The present invention is directed to an improvement in cannulae which are constructed of a material that softens on being contacted with an aqueous medium by which is meant a water containing medium which may be liquid or solid, e.g., body tissue, which contains water, or upon attaining body temperature. Generally, such materials will also swell on being contacted with the aqueous medium or upon approaching or attaining body temperature. The materials generally soften to a 2.5% Secant Modulus of less than 7,000 N/cm2 on being contacted with the aqueous medium or upon attaining body temperature which reduces the trauma to the surrounding tissue of the subject. The term softening ratio is used herein to refer to the ratio of the 2.5% Secant Modulus values of the composition selected in the form of a tubular cannula initially to the 2.5% Secant Modulus of the composition when softened. The material must soften with a softening ration of at least about 2:1, preferably of at least 10:1 and more preferably of at least 20:1 to provide the full advantages of softening cannulae as discussed above.
Examples of softening hydrophilic polymers useful in the practice of the invention are those described in commonly assigned Co-pending application Ser. No. 780,543, filed Sept. 26, 1985, incorporated herein by reference. The preferred composition for the cannula comprises:
(a) a first phase which comprises a substantially non-hydrophilic polymeric component; and
(b) a second phase which comprises a hydrophilic polymeric component;
said material (i) being capable of absorbing water to an extent that its softens with a softening ratio of at least about 2:1 and/or swells with a swelling ratio of at least about 1.3:1; and (ii) when substantially completely hydrated, has an energy to break of at least about 700 N-cm/cm3 and a 2.5% Secant Modulus of less than about 7,000 N/cm2.
Also useful are those hydrophilic softening polymers described in U.S. Pat. Nos. 4,359,558; 4,424,305; 4,454,309 and 4,439,583 of Tyndale Plains-Hunter Ltd. incorporated herein by reference. The preferred hydrophilic cannula composition essentially comprises a polyurethane diacrylate composition having from about 90 to about 65 weight percent of a hydrophilic polyurethane resin and from about 10 to about 35 weight percent of a diacrylate.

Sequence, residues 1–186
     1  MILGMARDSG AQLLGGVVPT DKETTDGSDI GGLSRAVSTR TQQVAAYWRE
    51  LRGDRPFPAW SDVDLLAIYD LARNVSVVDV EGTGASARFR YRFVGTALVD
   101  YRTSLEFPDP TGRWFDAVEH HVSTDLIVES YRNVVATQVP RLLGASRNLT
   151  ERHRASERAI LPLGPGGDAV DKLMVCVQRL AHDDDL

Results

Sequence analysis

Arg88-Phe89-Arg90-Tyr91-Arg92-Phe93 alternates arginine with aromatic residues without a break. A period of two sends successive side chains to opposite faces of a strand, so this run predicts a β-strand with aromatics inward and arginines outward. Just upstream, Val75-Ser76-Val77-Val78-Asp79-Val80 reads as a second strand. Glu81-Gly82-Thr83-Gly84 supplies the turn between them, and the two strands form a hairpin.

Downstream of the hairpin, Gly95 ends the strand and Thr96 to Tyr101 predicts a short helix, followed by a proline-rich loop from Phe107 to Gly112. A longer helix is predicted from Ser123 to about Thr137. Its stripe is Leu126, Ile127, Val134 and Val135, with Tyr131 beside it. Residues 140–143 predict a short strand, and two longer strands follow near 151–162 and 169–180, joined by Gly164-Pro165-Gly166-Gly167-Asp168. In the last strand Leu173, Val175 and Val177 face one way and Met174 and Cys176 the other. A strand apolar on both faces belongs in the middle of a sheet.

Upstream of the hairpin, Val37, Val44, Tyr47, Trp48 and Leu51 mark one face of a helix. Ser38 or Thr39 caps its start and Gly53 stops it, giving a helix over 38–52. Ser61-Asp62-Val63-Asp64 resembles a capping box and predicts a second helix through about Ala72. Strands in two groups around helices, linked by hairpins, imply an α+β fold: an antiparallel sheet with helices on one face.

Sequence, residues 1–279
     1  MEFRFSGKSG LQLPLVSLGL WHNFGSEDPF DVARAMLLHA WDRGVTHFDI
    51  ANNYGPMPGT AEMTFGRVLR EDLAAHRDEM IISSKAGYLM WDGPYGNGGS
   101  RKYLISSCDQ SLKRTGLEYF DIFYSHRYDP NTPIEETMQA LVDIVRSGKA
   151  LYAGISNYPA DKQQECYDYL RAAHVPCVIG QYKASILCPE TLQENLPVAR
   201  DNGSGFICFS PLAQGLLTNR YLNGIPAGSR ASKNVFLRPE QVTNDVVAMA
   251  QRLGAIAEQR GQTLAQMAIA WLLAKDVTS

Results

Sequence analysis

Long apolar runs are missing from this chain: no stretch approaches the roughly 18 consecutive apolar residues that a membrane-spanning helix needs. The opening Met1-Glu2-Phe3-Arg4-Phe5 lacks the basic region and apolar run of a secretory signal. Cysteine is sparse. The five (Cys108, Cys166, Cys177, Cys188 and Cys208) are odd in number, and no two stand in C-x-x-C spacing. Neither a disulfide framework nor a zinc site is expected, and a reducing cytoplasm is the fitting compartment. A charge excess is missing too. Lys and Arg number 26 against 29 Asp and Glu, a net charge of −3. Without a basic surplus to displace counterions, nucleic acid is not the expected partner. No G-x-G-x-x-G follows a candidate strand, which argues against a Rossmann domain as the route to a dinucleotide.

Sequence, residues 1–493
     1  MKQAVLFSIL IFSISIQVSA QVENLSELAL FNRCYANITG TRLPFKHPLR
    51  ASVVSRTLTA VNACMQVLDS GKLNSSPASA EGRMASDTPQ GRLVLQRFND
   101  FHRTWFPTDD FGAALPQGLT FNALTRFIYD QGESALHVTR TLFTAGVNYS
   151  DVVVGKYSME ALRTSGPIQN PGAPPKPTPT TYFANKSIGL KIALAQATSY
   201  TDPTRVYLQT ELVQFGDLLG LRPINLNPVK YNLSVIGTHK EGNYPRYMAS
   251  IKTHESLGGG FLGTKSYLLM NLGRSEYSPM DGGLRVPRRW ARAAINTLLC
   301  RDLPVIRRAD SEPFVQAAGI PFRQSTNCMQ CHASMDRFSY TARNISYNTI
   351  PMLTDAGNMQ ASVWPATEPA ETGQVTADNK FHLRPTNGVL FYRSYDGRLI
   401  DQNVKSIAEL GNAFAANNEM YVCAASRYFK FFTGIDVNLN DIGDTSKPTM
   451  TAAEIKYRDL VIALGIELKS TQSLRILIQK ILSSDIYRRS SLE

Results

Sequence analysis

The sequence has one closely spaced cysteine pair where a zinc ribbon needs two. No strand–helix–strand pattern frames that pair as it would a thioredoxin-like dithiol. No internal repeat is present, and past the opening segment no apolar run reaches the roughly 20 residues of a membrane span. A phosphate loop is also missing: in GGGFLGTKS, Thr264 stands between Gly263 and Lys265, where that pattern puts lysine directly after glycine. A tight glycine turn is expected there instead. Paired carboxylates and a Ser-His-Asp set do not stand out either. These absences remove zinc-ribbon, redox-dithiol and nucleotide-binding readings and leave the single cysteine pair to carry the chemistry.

An alternative material which may be utilized as a cannula material is a thermoplastic composition with softenable and/or shaped-memory properties. Such polymeric compositions are described, for example, in the following articles: Softenable, Shape-Memory Thermoplastics for Biomedical Use, Robert S. Ward, M.D. 7 D, August 1985; and Thrombroresistant, Radioopaque, Softenable Thermoplastics Catheter Compound With Shape-Memory Properties, R. S. Ward, K. A. White, J. S. Riffle, Second World Congress On Biomaterials, 10th Annual Meeting Of The Society For Biomaterials, Washington, D.C., Apr. 27-May 1, 1984. The aforementioned thermoplastic compositions comprise a base polymer that is a block or segmented co-polymer thermoplastic with at least one block type with an abrupt effective glass transition temperature (Tg) at or greater than room temperature, but less than approximately body temperature. The remainder of the base polymer contains hard blocks whose dominant thermal transition is substantially greater than body temperature. The cannulae can also be made to expand and soften with a softening ratio of at least 2:1 as follows. The cannulae are originally made with their eventually desired expanded internal diameter and then are heated above the glass transition temperature (Tg), drawn out to form longer and thinner cannulae and held in this state until cooled below the glass transition temperature. Once the longer and thinner cannulae have warmed to a temperature that is greater than room temperature but less than approximately body temperature, i.e., once the cannulae have reached the glass transition temperature, the shape-memory properties operate and the cannulae increase in internal and external diameter while shrinking in length.